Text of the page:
Do You See What I See
My job as a psychotherapist is to crawl inside someone’s head and look out at the world through their eyes. Through that process, I’ve learned that many people with eating problems are hyper-self-conscious and -self-critical about their food intake because they assume that others are as focused on and negative about it as they are. The same holds true for many overweight people and those who fear weight gain who, hating fat, assume that they’re being judged in the same pejorative way that they judge others. It usually comes as a surprise when I tell them that there are folks out there who don’t care very much about what others weigh, and that the majority of people don’t pay much attention to what others eat or don’t eat. Those kinds of things are not even on their radar screen!
One of the limitations of life is the lens through which we see the world. When we grow up surrounded by routine criticism of how we (or family members) look or eat, we’re likely to internalize the view that eating or appearance are fair game for harsh judgment. Coming up without such critiques, we might not think to pay attention to eating behaviors or weight in others; or, we might notice but feel neutral. If you were raised in an environment in which people observed and judged your (or each other’s) weight or eating, you probably have a similar focus and attitude today. Imagine if you’d come up in a milieu in which people didn’t make a fuss about food or weight. You probably wouldn’t either. What we’re talking about is learned, not innate, behavior.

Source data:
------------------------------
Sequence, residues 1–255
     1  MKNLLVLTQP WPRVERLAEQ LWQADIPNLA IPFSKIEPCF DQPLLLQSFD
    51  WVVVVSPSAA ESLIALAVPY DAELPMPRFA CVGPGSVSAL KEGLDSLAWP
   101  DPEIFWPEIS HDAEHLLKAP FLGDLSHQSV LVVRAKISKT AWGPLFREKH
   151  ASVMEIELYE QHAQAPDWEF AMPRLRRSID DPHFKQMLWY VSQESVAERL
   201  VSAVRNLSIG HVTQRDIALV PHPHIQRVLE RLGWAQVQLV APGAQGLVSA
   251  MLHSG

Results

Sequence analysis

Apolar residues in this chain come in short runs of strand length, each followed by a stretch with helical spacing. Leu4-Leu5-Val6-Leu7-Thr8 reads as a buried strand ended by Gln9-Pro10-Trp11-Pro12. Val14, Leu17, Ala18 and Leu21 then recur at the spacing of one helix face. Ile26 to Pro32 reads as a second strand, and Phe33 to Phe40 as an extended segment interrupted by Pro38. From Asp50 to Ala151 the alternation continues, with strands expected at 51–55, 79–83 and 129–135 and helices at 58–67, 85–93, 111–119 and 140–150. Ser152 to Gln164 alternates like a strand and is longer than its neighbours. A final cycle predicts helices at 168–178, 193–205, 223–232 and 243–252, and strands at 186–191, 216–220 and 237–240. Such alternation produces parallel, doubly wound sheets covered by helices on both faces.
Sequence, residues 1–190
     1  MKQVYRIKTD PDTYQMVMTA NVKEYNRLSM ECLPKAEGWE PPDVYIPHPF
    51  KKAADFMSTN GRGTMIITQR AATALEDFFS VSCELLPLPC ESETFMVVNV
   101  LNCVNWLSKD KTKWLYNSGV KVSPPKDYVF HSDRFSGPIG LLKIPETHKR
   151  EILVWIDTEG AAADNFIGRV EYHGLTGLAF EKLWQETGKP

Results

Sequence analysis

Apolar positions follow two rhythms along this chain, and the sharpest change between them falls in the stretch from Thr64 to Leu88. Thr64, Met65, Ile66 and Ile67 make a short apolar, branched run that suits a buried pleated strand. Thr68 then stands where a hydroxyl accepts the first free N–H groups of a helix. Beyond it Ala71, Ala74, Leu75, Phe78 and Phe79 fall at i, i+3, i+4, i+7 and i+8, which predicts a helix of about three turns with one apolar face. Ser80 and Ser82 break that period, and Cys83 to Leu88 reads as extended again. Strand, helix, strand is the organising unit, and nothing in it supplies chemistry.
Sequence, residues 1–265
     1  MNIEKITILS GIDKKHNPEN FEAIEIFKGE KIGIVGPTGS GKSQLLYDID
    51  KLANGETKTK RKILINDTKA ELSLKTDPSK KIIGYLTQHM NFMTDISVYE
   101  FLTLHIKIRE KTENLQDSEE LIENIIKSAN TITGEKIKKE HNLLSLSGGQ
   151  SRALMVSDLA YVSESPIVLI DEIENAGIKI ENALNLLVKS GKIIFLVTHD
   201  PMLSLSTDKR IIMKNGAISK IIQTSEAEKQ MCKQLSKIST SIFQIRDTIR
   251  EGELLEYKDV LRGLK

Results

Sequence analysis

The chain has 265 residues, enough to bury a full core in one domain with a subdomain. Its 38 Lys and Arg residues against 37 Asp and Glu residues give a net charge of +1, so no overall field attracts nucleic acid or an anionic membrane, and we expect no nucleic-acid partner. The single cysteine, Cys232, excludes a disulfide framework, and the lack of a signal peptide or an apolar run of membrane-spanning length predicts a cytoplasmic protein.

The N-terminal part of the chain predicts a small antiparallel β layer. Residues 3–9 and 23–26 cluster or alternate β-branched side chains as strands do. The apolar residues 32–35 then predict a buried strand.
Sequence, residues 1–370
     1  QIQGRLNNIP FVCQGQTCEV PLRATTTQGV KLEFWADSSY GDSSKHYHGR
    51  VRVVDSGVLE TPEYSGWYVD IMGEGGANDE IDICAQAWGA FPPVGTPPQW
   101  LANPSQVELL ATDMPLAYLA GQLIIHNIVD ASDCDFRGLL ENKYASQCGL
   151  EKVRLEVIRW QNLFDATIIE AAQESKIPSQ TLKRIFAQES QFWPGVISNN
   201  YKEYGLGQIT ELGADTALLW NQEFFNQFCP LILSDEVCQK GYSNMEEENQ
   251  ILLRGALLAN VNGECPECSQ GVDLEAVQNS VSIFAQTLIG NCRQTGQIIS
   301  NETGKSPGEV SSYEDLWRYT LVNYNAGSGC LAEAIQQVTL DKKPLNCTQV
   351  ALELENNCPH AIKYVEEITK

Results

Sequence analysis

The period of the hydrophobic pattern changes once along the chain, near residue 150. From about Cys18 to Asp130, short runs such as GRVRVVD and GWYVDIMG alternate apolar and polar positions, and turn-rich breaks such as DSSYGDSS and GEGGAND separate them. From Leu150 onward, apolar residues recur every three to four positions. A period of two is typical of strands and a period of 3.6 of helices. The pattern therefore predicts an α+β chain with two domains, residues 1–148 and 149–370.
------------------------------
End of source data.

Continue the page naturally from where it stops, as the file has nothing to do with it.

Perhaps you wrongly suppose that others judge you as you judge them. If you typically see someone and think right off, “Oh, too fat” or ,”Wow, I wish I were that skinny,” you might assume that other people see you and click right into rating your appearance. But, that’s not necessarily true. The fact is, most people are far more concerned with how they look than how you look. If you tut tut at what or how much other people eat, you probably imagine that they’re checking out your food intake as well. Another false assumption. Although your family may have spotlighted eating and weight when you were growing up, the truth is, everyone out there today does not think or act like your family!
If you worry a great deal about what people think of your weight or eating behaviors, it’s time to pop in a different lens. Recognize that not everyone is obsessed with weight or eating. Call a halt to critiquing other people’s bodies and eating behaviors and remind yourself that they may not be critiquing yours. Find a neutral place of acceptance towards others, and you’ll start to feel better about yourself.